Target date investing can make it easier to fund your future paycheck
by the Editors of Kiplinger’s Personal Finance
Choosing investments can seem complicated, but it doesn’t have to be. As you’re exploring savings options that can help you build a retirement nest egg, consider taking a fresh look at target date funds. Why? New research shows these wildly popular investment funds are so far serving investors well by encouraging prudent savings habits.
First, some background
These types of mutual funds are a one-step, low-maintenance strategy for retirement investing. Here’s how they work: You choose a fund by the year that’s closest to the year you plan to retire. For example, if you’re 32 today and want to retire at 67, you’d pick a 2050 fund.
Then, you invest your money and the fund does all the work. Fund managers decide how much to hold in stocks and bonds, and they automatically adjust the mix to a more conservative blend as your retirement age (the target date) approaches.
The trend: They’re everywhere
These fairly effortless ways to save have been a huge hit among younger investors and employers alike. In fact, 93% of large and midsize employers surveyed recently by Willis Towers Watson use target date funds as their workplace retirement plan’s default investment option—up from 86% in 2014 and 64% in 2009.
As a result, target date funds’ assets have swelled dramatically—the funds held nearly $1.2 trillion in assets as of Jan. 31, 2018, a roughly sixfold increase from a decade ago, according to the latest tally by Morningstar.
The performance test
By design, target date funds are meant to be the only investment in your retirement portfolio. Holding other funds defeats the purpose.
Given that sole focus, it’s fair to wonder whether these popular funds are actually performing as intended. Recently, Morningstar crunched the numbers for every single target date fund from March 1994 to January 2018.
The verdict? On balance, investors have succeeded in using target date funds as they’re intended. Because they tinker less with asset allocation or fund selection, target date fund investors appear to be focusing more on contributing consistently. And that behavior leads to fewer, risky buy-sell decisions that may disrupt gains over time.
The consistency has allowed investors to capture more of target date funds’ total returns over the span that Morningstar studied, says Jeffrey Ptak, global director of manager research.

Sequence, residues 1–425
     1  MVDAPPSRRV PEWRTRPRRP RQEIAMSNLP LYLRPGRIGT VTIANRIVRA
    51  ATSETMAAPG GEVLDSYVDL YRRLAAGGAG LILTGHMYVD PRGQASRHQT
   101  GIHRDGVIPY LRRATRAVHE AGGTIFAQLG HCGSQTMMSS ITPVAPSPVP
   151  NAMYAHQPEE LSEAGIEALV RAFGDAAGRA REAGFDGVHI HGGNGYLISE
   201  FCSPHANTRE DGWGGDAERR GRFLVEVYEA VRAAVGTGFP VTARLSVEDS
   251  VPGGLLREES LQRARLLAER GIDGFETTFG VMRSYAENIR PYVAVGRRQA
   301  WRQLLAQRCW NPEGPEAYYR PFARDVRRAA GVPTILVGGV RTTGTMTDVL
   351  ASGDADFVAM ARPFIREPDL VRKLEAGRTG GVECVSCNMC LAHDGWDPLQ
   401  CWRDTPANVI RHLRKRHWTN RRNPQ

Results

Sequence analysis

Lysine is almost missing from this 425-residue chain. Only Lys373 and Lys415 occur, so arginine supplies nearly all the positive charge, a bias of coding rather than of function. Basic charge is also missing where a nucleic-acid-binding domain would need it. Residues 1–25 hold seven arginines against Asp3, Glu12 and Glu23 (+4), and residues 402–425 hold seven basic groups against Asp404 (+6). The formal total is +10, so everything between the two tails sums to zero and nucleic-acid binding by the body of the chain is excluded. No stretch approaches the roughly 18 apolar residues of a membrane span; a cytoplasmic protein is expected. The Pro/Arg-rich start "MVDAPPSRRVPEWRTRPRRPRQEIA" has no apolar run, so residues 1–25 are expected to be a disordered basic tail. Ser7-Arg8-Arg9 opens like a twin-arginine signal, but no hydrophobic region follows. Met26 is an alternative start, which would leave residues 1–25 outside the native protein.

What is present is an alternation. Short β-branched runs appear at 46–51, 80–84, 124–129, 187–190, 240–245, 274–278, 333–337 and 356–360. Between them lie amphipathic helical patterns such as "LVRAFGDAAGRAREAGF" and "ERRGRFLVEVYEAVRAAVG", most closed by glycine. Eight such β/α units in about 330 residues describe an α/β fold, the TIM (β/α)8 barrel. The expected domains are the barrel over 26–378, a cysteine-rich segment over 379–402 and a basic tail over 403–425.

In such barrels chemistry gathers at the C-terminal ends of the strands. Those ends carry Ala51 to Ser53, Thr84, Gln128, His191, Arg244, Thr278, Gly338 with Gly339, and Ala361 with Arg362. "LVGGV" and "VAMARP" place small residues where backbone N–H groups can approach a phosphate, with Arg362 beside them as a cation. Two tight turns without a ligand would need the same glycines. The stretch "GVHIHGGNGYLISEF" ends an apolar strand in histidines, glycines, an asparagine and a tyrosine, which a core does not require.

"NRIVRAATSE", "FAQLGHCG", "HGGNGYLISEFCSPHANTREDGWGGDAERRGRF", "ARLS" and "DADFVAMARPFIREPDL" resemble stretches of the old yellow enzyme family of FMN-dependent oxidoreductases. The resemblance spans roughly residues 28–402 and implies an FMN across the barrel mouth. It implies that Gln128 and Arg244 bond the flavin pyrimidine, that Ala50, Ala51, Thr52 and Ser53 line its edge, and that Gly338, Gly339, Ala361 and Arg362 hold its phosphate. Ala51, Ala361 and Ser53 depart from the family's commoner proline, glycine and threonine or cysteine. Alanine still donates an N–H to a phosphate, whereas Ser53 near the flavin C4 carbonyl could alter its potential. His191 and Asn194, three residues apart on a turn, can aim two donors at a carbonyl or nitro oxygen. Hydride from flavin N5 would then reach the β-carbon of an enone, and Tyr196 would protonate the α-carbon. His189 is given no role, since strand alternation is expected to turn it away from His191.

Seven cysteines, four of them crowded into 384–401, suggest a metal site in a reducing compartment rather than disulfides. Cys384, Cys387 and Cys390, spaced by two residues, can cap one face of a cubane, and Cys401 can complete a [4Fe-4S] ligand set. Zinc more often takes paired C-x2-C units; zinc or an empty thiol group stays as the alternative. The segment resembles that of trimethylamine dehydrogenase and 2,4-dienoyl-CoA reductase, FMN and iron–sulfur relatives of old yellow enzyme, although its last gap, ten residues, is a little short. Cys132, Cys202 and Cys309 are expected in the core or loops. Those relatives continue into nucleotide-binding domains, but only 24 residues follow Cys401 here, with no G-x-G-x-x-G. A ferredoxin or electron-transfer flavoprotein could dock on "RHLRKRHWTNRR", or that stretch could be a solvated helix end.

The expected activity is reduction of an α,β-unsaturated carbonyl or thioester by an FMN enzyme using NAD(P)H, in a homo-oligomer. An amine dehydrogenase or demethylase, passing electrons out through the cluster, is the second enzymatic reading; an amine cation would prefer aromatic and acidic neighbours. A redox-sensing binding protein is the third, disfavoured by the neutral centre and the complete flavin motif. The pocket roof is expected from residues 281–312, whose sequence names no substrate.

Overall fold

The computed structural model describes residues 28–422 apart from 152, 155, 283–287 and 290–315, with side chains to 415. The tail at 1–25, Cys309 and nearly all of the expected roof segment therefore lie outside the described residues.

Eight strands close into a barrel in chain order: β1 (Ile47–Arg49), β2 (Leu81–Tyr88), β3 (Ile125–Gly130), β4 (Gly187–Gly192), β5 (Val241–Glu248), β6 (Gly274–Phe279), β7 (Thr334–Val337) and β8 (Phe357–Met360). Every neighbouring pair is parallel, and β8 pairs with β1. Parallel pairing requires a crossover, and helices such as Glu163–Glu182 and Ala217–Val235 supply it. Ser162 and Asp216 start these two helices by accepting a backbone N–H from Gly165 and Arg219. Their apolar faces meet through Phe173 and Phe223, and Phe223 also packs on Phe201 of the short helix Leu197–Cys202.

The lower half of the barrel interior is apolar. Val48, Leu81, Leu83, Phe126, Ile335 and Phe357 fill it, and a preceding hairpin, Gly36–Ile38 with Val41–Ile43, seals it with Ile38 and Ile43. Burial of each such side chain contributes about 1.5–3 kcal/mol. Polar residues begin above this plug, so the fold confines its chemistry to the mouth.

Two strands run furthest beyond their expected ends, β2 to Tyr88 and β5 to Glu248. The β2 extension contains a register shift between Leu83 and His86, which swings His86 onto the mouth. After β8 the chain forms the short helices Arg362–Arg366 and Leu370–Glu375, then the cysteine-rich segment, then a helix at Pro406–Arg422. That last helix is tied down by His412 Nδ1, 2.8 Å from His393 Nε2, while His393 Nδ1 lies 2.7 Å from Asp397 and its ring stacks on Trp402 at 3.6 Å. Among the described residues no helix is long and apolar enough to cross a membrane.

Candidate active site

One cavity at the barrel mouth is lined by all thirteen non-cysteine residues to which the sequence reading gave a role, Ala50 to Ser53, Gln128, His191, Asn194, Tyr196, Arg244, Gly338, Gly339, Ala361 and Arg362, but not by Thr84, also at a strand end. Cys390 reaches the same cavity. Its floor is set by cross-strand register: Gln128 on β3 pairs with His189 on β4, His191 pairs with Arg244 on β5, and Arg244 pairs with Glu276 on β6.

The ‘glide path’
Like any other fund, target date funds aren’t risk-free and may experience significant losses. And that’s a concern for many investors given recent stock market volatility.
They’re also not all created equal: Each fund takes its own route and timetable for moving into more conservative holdings—known as the “glide path.” The point is that even though all target date funds reduce investment risk over time, each fund has its own strategy for how and when to do that.
For example, some funds are designed to reach their most conservative asset mix at or shortly after the target date, after which they stop making adjustments. These are known as “to” funds. Others may reach their most conservative asset mix 10, 20, or more years after the target date. These are called “through” funds.
What’s more, after reaching their target dates, some funds will then merge into different funds, typically focused on generating income. That’s why it’s important to fully evaluate the glide path of the fund you’re considering. You’ll want to ensure that the asset strategies match your own risk tolerance and retirement timeline.
Looking for more information about different ways to jumpstart retirement savings?
A new guide from The Investor Protection Trust (IPT) and Investor Protection Institute (IPI) called Starting to Save for Retirement, takes inspiration from the groundbreaking public television documentary and community engagement program When I’m 65. It outlines four action steps younger workers can take now to begin creating a more secure tomorrow.
You can also check out When I’m 65 videos with a multigenerational approach on financial management, planning for retirement, and protecting your assets.